5. To sustain such an equitable charge, the services rendered must have been substantially instrumental in producing a result beneficial to the class upon whose interests it is to be imposed. P. 394.

6. Where the acts performed by certain claimants in behalf of a class of Mississippi Choctaws were in part such as to assist in procuring the legislative and administrative measures which secured their property interests, and in part apparently of the opposite tendency, so that the effect of the service as a whole was in doubt, held that the Court of Claims should not have limited its findings to what the claimants did, but should have found specifically on whether

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the service was of benefit, and, if so, what compensation was equitably and justly due on the principle of quantum meruit. P. 395.

7. When requests under Rules 90-95 for additional findings are not filed within the prescribed 60 days after judgment, the Court of Claims has discretion to reject them upon that ground, but when it rejects them for other reasons evincing a misconception of the case and of the significance of the requested findings, it will not be assumed that they would have been rejected upon the ground of delay if the misconception had not existed. P. 395.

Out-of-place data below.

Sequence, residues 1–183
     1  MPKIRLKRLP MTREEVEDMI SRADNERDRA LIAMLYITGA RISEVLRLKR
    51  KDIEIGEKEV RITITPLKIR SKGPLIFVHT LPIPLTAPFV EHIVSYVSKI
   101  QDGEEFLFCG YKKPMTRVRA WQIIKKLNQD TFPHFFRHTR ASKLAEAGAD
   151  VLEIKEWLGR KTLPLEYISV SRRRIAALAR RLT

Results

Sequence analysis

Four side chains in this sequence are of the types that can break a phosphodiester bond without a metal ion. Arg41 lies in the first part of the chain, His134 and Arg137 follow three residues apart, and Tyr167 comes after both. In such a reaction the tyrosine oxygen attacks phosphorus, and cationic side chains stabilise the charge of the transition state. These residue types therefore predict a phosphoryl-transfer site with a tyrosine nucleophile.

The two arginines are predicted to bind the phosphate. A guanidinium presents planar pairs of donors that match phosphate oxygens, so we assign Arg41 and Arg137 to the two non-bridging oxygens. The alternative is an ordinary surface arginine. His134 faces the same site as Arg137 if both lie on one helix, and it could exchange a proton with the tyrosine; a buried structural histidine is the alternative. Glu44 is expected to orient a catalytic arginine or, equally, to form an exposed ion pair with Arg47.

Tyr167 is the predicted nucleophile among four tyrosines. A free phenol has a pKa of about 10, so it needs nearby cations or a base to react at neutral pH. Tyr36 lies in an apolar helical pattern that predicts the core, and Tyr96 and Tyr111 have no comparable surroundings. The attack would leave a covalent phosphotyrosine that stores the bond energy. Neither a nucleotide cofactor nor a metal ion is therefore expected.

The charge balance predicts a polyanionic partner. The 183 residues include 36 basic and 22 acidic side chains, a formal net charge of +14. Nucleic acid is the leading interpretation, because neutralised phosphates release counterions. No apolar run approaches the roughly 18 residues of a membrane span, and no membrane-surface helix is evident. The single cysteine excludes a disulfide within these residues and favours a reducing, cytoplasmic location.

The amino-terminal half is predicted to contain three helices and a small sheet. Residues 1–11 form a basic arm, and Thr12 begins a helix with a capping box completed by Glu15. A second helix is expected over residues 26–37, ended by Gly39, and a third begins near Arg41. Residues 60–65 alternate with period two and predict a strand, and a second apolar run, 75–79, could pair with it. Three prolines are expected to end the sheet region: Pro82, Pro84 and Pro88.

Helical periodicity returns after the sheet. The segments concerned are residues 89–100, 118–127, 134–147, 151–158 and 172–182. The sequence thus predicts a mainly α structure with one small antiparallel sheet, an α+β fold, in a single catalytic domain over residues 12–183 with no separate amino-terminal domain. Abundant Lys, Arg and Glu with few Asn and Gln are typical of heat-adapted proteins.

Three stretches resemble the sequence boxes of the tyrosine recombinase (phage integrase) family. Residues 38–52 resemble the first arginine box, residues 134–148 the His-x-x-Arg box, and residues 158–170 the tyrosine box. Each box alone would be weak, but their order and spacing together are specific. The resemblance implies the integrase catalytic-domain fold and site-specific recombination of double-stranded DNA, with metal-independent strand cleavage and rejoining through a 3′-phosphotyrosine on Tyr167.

No. 6 reversed.

Nos. 7-12 affirmed.

The cases are stated in the opinion. The decisions of the Court of Claims are reported in 51 Ct.Clms. 283; 52 id. 90.

PITNEY, J., lead opinion

MR. JUSTICE PITNEY delivered the opinion of the Court.

These are appeals from a judgment of the Court of Claims rejecting claims for alleged services rendered and expenses incurred in the matter of the claims of the Mississippi Choctaws to citizenship in the Choctaw Nation. The decision of the Court of Claims is reported in 51 Ct.Cls. 284. I n the Winton case (No. 6), a request for additional findings, equivalent to an application for rehearing, was denied, 52 Ct.Cls. 90. The appeals were taken under § 182, Jud.Code.

The jurisdiction of the court below arose under an Act of April 26, 1906, c. 1876, § 9, 34 Stat. 137, 140, and an

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amendatory provision in the Act of May 29, 1908, c. 216, § 27, 35 Stat. 444, 457. The former provided: